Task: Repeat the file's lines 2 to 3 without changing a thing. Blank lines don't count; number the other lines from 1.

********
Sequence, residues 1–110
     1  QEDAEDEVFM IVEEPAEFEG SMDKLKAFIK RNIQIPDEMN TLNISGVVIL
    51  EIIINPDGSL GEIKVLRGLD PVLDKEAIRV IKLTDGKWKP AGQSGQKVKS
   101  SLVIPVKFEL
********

     1  QEDAEDEVFM IVEEPAEFEG SMDKLKAFIK RNIQIPDEMN TLNISGVVIL
    51  EIIINPDGSL GEIKVLRGLD PVLDKEAIRV IKLTDGKWKP AGQSGQKVKS